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VOL. 37 | NO. 42 | Friday, October 18, 2013

Without a capable QB, Titans don’t have a chance

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We interrupt this talk about the problems with the Tennessee Titans running game to remind everyone that the NFL is still a quarterback-driven league.

And if the Tennessee Titans didn’t already know this, they certainly do now.

While the run game continues to be a backdrop of why the team has fallen to 3-3 with two straight losses, the absence of Jake Locker is probably the bigger issue.

Here’s why.

At the beginning of the 2013 season, one of the biggest questions was whether Locker could be a capable NFL quarterback who could do more than just be a caretaker in the offense.

After a very conservative beginning in the win over Pittsburgh, Locker made enough strides that the talk soon transformed into how much he had improved and developed in such a short amount of time.

While Locker might not ever be the equal of Peyton Manning or Drew Brees, he was demonstrating that he is the type of quarterback a team cannot only win with, but even occasionally win because of.

The best evidence came in the waning moments of the Titans’ victory against the San Diego Chargers at LP Field. No timeouts, 94 yards in 1:50 for the game-winning touchdown. Impressive, no matter how you slice it.

The best part of Locker’s play, no doubt, was the zero in the interception column. It allowed the Titans the chance to potentially win every week. And he was making enough clutch plays in the passing game that the Titans didn’t have to rely on the running game as much as first thought.

Then came his hip and knee injury against the Jets in a win that lifted the Titans to 3-1.

Much of that early-season optimism has faded in the past two weeks as the offense has been plagued by turnovers and the inability to run the football.

Not all of the blame lies with backup Ryan Fitzpatrick, though he, by all accounts (even his own), has not played well in his first two starts filling in for Locker. Four interceptions in two games says enough.

Tennessee Titans quarterback Ryan Fitzpatrick has had his problems subbing for Jake Locker, as this dropped snap from center demonstrates.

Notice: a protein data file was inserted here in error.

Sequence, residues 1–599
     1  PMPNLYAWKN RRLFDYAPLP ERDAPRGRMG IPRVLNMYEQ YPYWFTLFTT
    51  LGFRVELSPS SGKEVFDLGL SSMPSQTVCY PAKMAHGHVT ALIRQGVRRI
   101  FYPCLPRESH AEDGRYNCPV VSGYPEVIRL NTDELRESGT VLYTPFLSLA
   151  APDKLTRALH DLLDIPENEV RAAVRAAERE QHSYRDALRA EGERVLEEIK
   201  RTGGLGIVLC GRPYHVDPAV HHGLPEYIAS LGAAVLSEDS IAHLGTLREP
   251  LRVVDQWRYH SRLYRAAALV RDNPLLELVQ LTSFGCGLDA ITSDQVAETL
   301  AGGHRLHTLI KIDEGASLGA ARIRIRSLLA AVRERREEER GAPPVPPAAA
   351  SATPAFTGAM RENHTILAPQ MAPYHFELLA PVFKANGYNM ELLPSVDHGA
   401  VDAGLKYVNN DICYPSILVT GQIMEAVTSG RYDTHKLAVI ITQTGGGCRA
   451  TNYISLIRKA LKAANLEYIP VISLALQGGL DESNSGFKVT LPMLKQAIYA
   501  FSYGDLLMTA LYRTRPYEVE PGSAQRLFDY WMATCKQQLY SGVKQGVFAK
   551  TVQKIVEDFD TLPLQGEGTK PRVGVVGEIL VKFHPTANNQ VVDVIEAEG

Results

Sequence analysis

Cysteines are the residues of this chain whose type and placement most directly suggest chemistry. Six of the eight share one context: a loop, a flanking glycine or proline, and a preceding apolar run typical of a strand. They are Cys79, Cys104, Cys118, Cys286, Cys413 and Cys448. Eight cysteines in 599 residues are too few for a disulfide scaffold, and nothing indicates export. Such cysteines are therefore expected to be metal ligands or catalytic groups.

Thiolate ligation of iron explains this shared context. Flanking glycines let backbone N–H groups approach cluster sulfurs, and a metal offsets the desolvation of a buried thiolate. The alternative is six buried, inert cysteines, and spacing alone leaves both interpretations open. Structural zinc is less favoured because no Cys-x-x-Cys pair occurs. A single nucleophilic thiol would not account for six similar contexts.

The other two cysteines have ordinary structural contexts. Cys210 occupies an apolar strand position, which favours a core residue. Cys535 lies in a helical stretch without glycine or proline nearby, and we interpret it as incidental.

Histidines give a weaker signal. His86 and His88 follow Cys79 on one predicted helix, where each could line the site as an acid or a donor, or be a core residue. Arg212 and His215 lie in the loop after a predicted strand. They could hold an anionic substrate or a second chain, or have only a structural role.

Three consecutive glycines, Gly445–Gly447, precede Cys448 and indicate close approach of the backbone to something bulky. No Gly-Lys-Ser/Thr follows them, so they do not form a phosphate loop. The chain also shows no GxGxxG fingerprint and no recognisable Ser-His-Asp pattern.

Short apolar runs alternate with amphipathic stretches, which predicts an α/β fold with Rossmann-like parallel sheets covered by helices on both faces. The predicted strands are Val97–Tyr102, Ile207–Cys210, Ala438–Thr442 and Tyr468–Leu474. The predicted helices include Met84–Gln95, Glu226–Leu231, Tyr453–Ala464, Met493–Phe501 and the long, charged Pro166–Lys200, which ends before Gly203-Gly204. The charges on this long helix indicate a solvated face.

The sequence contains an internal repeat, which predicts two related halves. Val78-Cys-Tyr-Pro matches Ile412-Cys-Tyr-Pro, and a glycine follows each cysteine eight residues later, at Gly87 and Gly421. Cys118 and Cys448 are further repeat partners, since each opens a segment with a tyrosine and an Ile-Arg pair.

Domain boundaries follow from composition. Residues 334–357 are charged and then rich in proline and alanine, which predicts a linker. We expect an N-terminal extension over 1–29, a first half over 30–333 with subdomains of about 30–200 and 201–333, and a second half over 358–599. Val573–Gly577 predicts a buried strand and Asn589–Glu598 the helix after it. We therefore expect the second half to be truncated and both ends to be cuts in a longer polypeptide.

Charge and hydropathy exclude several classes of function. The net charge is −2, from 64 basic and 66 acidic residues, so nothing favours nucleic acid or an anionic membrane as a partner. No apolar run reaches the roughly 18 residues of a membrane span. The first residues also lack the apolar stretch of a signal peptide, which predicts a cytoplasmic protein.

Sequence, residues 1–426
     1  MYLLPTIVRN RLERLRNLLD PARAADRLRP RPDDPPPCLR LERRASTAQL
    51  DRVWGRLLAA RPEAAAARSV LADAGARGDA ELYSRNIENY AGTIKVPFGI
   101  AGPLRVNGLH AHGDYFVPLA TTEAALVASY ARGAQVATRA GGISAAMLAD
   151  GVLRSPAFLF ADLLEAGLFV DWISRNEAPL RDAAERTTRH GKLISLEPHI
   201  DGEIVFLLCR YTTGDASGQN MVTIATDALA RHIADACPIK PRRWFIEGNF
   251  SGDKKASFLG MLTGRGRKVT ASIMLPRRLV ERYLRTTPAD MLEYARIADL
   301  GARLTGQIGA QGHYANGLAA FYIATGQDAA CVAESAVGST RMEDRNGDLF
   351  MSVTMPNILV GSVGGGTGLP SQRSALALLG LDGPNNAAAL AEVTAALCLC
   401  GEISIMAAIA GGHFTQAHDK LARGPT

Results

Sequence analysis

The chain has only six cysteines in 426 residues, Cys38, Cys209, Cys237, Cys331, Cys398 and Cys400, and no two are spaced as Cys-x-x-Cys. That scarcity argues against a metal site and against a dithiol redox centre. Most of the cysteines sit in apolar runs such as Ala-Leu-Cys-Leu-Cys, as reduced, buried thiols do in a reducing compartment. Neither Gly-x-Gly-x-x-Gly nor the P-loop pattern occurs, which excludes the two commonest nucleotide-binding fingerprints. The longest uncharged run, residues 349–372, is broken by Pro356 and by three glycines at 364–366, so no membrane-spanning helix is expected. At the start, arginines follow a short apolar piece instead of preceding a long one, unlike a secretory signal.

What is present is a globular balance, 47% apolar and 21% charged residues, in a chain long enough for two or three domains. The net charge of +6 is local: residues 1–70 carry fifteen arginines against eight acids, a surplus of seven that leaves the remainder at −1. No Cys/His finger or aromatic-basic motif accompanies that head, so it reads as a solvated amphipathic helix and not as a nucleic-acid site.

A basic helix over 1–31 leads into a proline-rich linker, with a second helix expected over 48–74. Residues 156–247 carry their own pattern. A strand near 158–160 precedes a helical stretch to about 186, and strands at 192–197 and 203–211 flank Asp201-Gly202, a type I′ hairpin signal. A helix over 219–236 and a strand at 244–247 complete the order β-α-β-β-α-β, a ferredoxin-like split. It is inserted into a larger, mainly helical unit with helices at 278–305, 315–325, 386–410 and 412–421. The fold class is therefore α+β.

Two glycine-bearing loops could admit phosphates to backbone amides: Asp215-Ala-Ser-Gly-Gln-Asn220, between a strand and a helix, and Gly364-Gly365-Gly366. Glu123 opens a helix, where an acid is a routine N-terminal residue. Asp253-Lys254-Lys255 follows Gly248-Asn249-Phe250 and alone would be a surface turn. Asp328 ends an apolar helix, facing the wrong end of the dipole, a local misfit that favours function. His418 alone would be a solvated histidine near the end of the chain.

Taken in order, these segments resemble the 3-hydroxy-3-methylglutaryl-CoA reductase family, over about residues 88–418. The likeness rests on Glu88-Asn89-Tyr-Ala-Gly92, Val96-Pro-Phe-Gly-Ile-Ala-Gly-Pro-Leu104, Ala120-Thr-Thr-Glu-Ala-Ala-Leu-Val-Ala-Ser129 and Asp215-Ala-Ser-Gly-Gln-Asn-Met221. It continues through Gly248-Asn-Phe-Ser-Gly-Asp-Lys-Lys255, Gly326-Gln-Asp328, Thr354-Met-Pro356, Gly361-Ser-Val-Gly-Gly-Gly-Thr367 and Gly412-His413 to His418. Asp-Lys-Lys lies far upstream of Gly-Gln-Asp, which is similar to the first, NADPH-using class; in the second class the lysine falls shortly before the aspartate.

-- Ap Photo/Elaine Thompson

It’s not a knock at Fitzpatrick, but – as the saying goes – he is what he is, a streaky journeyman quarterback capable of playing extremely well or badly. He’s not Matt Cassel, Chad Henne or Kevin Kolb, all of whom have had their good moments and bad as NFL quarterbacks.

Occasionally, a team will catch the proverbial lightning in a bottle with a lesser heralded quarterback, but it’s not the norm in the NFL.

The reason the Titans stand 3-3 instead of 4-2 or even 5-1 is due to Fitzpatrick’s struggles and the woes that have arisen in the run game, problems have been exposed and magnified since Locker was injured.

While Coach Mike Munchak didn’t directly tie the loss of Locker to the struggles in the running game, it is probably not mere coincidence that the rushing attack went south about the same time Locker went out.

Locker was doing enough in the passing game to keep opponents somewhat honest as they keyed on stopping the run.

Without Locker, the Titans needed the running game to be better in order to take pressure off Fitzpatrick. Instead, both the run game and Fitzpatrick have succumbed to the added weight on their shoulders.

“When you lose your quarterback, your best player, when you lose your leader, others guys have got to step up, and I thought we’d run the ball better,” Munchak says. “We need to do that to help Fitzy there, and we haven’t done that.”

Munchak admits his team’s running woes have put more on Fitzpatrick than necessary.

The formula for victory for the Titans in 2013 required all three parts of the equation – Locker, the running game and the defense – to contribute each week. And with Locker out, the other two parts of the formula were expected to pick up the slack.

The defense has done its job, but the running game has been exposed. Defenses now focus even more on slowing Chris Johnson without the threat of Locker beating them either with a pass or a scramble.

Even for team like the Titans, which wants to run the football and needs to run the football to be successful, Locker’s absence proves that the NFL is still a quarterback-driven league.

Terry McCormick covers the Titans for TitanInsider.com and is a blogger for National Football Post.